A debt for which payments will be required for a period of more than
one year into the future.

Long Term Debt

Liability due in a year or more.

Long-term debt/capitalization

Indicator of financial leverage. Shows long-term debt as a proportion of the
capital available. Determined by dividing long-term debt by the sum of long-term debt, preferred stock and
common stockholder equity.

Long-term debt ratio

The ratio of long-term debt to total capitalization.

Long-term debt to equity ratio

A capitalization ratio comparing long-term debt to shareholders' equity.

Straddle Image 3

Long-term financial plan

Financial plan covering two or more years of future operations.

Long-term liabilities

Amount owed for leases, bond repayment and other items due after 1 year.


Bills that are payable in more than one year, such as a mortgage or bonds.

Long-term liabilities

Amounts owing after more than one year.

Longer-Term Fixed Assets

Assets having a useful life greater than one year but the duration of the 'long term' will vary with the context in which the term is applied.

Other long term liabilities

Value of leases, future employee benefits, deferred taxes and other obligations
not requiring interest payments that must be paid over a period of more than 1 year.

accumulated depreciation

A contra, or offset, account that is coupled
with the property, plant, and equipment asset account in which the original
costs of the long-term operating assets of a business are recorded.
The accumulated depreciation contra account accumulates the amount of
depreciation expense that is recorded period by period. So the balance in
this account is the cumulative amount of depreciation that has been
recorded since the assets were acquired. The balance in the accumulated
depreciation account is deducted from the original cost of the assets
recorded in the property, plant, and equipment asset account. The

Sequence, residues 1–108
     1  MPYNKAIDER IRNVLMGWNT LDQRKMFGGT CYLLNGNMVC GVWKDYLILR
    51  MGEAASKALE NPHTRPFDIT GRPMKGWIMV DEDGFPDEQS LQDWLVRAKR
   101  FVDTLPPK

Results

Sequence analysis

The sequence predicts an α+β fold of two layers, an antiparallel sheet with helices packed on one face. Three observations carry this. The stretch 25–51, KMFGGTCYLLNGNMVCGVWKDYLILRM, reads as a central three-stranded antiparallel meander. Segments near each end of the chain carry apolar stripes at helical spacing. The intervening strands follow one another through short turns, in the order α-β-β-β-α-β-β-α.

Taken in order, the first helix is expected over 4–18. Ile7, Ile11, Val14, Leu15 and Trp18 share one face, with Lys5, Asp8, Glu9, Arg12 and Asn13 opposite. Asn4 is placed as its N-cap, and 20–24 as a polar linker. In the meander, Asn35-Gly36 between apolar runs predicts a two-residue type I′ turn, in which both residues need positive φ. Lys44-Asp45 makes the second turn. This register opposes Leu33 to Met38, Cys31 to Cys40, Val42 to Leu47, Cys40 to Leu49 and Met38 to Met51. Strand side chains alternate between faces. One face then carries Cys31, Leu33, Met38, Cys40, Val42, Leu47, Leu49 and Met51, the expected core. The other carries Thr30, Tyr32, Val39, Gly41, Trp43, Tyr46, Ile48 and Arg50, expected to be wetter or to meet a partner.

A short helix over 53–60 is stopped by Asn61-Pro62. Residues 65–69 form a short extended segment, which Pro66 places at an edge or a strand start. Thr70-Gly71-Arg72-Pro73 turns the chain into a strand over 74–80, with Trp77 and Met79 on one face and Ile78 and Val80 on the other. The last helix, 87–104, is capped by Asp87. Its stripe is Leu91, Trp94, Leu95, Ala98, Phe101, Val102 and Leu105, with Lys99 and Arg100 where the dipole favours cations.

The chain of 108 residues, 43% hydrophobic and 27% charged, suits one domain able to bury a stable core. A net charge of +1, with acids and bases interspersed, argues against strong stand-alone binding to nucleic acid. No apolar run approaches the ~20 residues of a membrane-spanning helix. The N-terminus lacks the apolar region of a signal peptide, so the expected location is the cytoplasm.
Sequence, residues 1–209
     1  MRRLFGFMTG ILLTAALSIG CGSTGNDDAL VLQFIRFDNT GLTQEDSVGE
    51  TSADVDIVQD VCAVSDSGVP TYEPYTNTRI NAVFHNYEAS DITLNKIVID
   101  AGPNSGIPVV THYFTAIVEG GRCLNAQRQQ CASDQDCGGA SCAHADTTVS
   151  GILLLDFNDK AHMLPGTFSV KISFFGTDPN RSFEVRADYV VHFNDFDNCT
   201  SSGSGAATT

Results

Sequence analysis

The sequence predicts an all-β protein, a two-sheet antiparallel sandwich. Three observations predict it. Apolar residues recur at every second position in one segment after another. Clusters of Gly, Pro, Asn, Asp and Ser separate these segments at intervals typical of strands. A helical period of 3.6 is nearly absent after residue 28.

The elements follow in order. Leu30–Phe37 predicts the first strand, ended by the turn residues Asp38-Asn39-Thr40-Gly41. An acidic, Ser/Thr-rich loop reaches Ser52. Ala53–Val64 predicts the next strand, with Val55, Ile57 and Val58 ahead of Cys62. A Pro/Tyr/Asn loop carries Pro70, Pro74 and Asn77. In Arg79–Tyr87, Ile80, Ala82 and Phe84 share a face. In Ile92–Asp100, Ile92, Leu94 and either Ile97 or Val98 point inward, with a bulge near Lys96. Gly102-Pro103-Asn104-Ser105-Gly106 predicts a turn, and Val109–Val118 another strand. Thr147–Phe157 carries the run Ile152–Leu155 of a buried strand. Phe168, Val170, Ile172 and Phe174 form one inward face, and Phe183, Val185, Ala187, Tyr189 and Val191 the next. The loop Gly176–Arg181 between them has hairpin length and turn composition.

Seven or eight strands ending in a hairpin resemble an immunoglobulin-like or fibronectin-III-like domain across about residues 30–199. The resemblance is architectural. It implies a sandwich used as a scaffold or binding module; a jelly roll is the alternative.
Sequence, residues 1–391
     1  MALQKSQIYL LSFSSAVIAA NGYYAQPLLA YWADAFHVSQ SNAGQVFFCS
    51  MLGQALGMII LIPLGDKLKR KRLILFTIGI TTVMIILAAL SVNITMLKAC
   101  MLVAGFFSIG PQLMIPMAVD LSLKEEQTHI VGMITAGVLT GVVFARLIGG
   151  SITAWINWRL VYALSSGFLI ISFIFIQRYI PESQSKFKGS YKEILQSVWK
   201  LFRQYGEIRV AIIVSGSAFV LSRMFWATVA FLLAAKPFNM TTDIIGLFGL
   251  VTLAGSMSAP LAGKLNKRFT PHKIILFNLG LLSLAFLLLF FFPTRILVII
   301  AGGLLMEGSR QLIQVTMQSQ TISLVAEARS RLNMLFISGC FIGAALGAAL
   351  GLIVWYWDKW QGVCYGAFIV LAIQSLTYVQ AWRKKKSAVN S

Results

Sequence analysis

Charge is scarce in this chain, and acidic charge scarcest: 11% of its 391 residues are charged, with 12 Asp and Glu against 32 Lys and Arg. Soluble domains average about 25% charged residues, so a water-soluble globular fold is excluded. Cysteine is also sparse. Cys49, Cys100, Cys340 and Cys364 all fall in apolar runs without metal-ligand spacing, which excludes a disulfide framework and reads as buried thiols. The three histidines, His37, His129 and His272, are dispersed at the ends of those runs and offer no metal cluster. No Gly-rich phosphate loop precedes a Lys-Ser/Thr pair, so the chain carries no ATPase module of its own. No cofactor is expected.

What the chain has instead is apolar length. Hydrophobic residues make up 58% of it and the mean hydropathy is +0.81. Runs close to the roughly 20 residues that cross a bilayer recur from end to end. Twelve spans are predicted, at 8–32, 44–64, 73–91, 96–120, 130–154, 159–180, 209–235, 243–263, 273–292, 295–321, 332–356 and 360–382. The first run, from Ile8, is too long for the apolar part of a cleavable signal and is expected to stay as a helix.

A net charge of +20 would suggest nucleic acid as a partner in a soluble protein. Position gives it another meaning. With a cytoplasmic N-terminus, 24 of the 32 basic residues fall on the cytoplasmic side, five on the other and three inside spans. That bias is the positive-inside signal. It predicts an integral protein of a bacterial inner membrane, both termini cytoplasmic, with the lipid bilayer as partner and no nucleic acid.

remainder, called the book value of the assets, is the amount included on
the asset side of a business.

Advance material request

Very early orders for materials before the completion
of a product design, given the long lead times required to supply some items.

Aggregate Supply Curve

Combinations of price level and income for which the labor market is in equilibrium. The short-run aggregate supply curve incorporates information and price/wage inflexibilities in the labor market, whereas the long-run aggregate supply curve does not.


This term has two quite different meanings. First, it may
refer to the allocation to expense each period of the total cost of an
intangible asset (such as the cost of a patent purchased from the inventor)
over its useful economic life. In this sense amortization is equivalent
to depreciation, which allocates the cost of a tangible long-term operating
asset (such as a machine) over its useful economic life. Second, amortization
may refer to the gradual paydown of the principal amount of a debt.
Principal refers to the amount borrowed that has to be paid back to the
lender as opposed to interest that has to be paid for use of the principal.
Each period, a business may pay interest and also make a payment on
the principal of the loan, which reduces the principal amount of the loan,
of course. In this situation the loan is amortized, or gradually paid down.


Assuris is a not for profit organization that protects Canadian policyholders in the event that their life insurance company should become insolvent. Their role is to protect policyholders by minimizing loss of benefits and ensuring a quick transfer of their policies to a solvent company where their benefits will continue to be honoured. Assuris is funded by the life insurance industry and endorsed by government. If you are a Canadian citizen or resident, and you purchased a product from a member life insurance company in Canada, you are protected by Assuris.